Hanalei Bay, Hawaii Webcamera

November 21, 2015

Hanalei Bay is the largest bay on the north shore of Kauaʻi island in Hawaii.

hi4Hanalei Bay

Hanalei Bay consists of nearly two miles of beach, surrounded by mountains. In the summer, the bay offers excellent mooring for sailboats, stand up paddle boarding and swimming. During the winter the surf becomes large and is a favorite surf location.

On April 5, 1824, King Kamehameha II’s royal yacht, Pride of Hawaii, sank near the mouth of the Waiʻoli River, on the southwest corner of the bay after its crew struck a 5-foot-deep (1.5 m) reef a hundred yards offshore. It is believed the captain and crew were drunk at the time. A large section of the ship’s hull washed ashore in 1844 in a winter storm surge, but most of this historic wreck remains buried in silt in the bay. In 1995–2000, archaeologists from the Smithsonian Institution’s National Museum of American History excavated the wreck and recovered more than 1,200 artifacts. During this excavation, a 40-foot (12 m) section of the stern was discovered, documented, and then re-buried where it was discovered.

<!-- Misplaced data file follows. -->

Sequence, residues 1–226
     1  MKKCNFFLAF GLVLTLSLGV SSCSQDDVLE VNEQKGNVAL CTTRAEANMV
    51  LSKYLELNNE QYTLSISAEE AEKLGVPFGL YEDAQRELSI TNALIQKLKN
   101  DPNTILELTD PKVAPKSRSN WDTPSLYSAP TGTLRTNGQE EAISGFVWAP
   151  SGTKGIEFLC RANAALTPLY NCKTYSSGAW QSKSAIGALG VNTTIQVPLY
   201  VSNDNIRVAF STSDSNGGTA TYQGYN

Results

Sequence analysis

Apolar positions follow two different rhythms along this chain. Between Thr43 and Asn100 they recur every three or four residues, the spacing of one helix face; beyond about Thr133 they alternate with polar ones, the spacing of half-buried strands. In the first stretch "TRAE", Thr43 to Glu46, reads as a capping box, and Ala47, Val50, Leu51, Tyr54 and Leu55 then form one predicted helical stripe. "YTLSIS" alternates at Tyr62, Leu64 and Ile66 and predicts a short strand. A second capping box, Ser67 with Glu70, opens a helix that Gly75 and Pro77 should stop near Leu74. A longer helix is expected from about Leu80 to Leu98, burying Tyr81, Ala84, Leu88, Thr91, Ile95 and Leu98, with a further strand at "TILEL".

Japanese author Haruki Murakami wrote a short story entitled “Hanalei Bay” set in the area. The story is included in the collection Blind Willow, Sleeping Woman. Hanalei Bay also served as a filming location for the 1958 film South Pacific.

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